HomeTechnology'Remorse': Amazon loses employees it wants to keep faster

‘Remorse’: Amazon loses employees it wants to keep faster

Leaked documents have reportedly shown Amazon employees leaving twice as often as in previous years due to low wages and increased competition. The documents show that Amazon “regrets” the loss of employees it wants to keep, more than 12 percent, more than double the recent average.

Business Insider reports that Amazon is facing serious employee retention issues, with leaked documents showing that employees leave twice as often as in previous years. Since June 2021, Amazon’s internal metric called “regret” has reportedly reached 12.1 percent, doubling the average for previous years.

Amazon CEO Andy Jassi (Isaac Brekken/AP)

An employee carries a package at the distribution center of American e-commerce giant Amazon in Mönchengladbach on December 17, 2019.  (Photo: INA FASSBENDER/AFP) (Photo: INA FASSBENDER/AFP, Getty Images)

(Photo by INA FASSBENDER/AFP via Getty Images)

From 2016 to mid-2021, the company’s dismal loss rate reached five percent. The metric refers to the proportion of employees that Amazon does not want to lay off, usually as a result of a voluntary layoff. Amazon is also tracking “brutal” layoffs, the number of employees the company wants to lose.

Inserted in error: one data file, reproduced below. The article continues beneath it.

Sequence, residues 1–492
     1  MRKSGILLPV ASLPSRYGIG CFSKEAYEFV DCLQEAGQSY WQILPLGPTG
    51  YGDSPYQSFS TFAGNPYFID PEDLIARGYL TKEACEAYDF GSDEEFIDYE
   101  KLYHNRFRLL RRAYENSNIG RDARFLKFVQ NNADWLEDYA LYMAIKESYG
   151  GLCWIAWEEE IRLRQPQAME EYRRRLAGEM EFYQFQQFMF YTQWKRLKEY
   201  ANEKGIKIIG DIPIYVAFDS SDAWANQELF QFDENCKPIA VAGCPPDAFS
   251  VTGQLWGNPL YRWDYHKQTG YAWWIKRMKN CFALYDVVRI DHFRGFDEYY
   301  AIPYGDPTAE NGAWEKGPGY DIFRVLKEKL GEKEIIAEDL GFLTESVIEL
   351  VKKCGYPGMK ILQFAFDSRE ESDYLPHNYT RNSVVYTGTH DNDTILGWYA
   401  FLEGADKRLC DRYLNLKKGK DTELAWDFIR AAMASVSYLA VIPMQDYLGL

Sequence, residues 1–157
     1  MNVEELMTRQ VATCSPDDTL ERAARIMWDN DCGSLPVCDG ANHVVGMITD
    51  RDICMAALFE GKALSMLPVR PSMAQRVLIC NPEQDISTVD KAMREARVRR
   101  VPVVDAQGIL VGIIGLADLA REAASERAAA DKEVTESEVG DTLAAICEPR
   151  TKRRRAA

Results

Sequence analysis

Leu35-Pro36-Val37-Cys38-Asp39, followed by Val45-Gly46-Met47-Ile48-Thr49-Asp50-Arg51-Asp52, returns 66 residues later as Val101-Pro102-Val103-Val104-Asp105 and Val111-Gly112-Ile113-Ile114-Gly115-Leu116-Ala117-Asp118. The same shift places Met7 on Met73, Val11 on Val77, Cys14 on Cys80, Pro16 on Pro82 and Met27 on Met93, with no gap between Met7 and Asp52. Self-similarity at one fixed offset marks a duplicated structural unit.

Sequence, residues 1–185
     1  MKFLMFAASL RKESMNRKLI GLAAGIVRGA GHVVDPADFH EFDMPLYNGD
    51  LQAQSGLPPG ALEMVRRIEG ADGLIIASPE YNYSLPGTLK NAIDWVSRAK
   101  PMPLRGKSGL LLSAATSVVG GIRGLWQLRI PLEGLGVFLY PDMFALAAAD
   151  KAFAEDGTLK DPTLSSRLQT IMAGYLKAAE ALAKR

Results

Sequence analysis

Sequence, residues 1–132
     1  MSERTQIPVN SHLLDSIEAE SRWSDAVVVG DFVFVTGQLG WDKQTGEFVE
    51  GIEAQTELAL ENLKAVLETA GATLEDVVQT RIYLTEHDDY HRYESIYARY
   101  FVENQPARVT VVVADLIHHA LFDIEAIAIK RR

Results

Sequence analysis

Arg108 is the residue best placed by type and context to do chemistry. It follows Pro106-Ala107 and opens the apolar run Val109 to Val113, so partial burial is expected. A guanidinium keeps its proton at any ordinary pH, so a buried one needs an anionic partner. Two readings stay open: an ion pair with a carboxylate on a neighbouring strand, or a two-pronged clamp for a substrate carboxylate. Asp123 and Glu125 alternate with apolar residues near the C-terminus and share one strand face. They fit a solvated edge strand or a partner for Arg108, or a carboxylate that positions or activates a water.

Increasing resignation regret was reportedly one of the consequences of rising inflation. With rising wages and competition for talent, it’s easier for high-value employees to find better opportunities elsewhere, where many are leaving quickly.

Amazon employees told Business Insider that Amazon’s relatively low wages, stagnant stock prices and a hard-and-hard work culture contributed to the rise in layoffs. Amazon has sought to address these issues by raising the base salary cap for corporate employees and is poised to spend record amounts on employee stock grants.

The increase in employee turnover at Amazon is remarkable because the company previously prided itself on retaining talented employees and top executives. In 2019, Amazon CEO Andy Jassi served as Amazon Web Services CEO, keeping his team’s attrition rate at 4.75%. Peter DeSantis, Senior Vice President of Global Infrastructure, AWS, successfully maintained his team’s 4.83% score.

Read more about Business Insider here.

Source: Breitbart

- Advertisement -

Worldwide News, Local News in London, Tips & Tricks

- Advertisement -